Second, there is nothing wrong with using Slice's popularity to promote the product. And here's where difference in type and difference in kind shows up the most prominently: Slice's popularity is impossible to ignore, but his baggage and dubious future make the packaging and use of it a delicate task. Even top-shelf promoters face serious dilemmas as giving him enough of the right kind of exposure without being fraudulently soft is almost too delicate a balancing act. But not for the UFC and for a very obvious reason. In this case, White doesn't need to pair Slice up with another fighter who can both sell tickets and provide some kind of respectable scrap. White has married Slice to the television show itself. Slice is able to be legitimately tested with opponents of commensurate abilities while turning in ratings without White having to worry about a financial bottom line for live gate attendance or pay-per-view draw.

And that is what I mean when I say this decision by the UFC to use Slice on the reality show proves the power of the brand. Whereas other promoters are awkwardly trying to find the right balance of how to use Kimbo Slice without destroying him and the company on main card fights, White is able to use the apparatus of a reality television show that's something of a crude developmental UFC program. White has created drama, but he isn't trying to manufacture a completely unsustainable reality because of financial pressures. In short, no other promotion or MMA organization has that capability to navigate this problem correctly. Honestly, who else in the MMA universe has those tools and leverage to make the situation operable? Who else has the vehicles? No one and it isn't even close. Were it not for the UFC machine's vast set of resources, the situation would be virtually untenable for others, at least in North America.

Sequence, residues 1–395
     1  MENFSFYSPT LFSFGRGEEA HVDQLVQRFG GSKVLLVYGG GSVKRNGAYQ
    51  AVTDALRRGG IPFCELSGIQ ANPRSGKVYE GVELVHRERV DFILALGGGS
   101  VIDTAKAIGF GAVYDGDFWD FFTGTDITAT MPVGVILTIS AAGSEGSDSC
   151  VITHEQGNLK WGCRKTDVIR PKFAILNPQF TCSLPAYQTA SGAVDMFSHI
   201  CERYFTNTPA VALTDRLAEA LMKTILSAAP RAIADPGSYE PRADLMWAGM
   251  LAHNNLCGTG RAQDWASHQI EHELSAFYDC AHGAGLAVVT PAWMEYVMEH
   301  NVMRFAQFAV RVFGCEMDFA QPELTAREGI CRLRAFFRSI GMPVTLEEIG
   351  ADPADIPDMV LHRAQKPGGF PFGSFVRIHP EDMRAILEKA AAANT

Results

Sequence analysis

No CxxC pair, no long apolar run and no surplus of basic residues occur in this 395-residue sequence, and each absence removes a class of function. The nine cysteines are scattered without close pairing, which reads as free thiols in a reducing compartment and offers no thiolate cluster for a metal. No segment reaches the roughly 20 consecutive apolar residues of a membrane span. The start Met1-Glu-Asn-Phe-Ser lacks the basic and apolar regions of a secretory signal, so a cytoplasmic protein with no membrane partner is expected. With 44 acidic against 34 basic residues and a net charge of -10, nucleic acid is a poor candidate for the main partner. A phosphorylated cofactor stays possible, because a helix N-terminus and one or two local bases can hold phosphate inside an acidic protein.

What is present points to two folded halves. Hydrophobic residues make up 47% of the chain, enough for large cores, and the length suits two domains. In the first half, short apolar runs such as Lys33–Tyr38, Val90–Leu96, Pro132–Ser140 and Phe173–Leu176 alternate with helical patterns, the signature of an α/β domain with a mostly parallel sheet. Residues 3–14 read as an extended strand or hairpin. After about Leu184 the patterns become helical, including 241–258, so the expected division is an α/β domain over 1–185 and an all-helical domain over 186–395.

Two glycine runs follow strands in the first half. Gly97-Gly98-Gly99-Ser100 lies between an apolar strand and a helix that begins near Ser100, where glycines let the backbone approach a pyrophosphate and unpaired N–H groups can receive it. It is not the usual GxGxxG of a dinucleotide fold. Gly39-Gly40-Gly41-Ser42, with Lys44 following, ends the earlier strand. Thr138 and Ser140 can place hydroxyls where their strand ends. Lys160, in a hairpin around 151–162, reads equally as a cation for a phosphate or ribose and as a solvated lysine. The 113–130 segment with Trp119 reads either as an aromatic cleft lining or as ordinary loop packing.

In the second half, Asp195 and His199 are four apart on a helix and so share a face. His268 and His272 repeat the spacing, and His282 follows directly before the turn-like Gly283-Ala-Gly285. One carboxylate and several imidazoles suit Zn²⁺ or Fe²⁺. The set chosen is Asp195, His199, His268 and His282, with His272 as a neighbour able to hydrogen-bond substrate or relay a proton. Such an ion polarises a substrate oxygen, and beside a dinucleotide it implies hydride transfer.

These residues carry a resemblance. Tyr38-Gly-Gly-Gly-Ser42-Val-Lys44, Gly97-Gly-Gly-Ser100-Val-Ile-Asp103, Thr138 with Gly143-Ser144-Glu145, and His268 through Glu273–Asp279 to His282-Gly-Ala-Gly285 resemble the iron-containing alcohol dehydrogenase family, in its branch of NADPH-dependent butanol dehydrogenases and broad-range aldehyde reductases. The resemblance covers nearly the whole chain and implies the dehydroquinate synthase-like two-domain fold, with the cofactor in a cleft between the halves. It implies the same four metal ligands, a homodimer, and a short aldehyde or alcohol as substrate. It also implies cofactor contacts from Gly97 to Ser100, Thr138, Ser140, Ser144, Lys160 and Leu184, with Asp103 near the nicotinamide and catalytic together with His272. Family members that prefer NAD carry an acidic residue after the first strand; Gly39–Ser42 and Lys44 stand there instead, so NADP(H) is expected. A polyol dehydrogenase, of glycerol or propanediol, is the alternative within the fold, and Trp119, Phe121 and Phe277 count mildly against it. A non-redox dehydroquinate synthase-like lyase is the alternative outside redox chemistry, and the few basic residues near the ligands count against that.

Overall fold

Let's also not forget that the longer the UFC holds onto Slice, the more White robs his competition of the opportunity to utilize a non-UFC fighter with legitimate, financially-lucrative celebrity.

We should be mindful this can all change. We afford White some language leeway because, while regrettable, his status as a promoter does give him license to exaggerate and backpedal. But it doesn't give him license to white wash (no pun intended) everything he has said or professed that he stood for. White and the UFC brass are viewed by many as the only reliable corporate executives in MMA who both understand the need to infuse drama and the spectacle of raw entertainment into their sport while preserving it's integrity. For them to use Slice in pay-per-view events should the former EliteXC star be throttled early and often on the reality show would be a major reneging of what the UFC management claim is a central tenet in their business practices. But for now, the decision to use Slice in this format is not worthy of lamentations. This is a reason for excitement.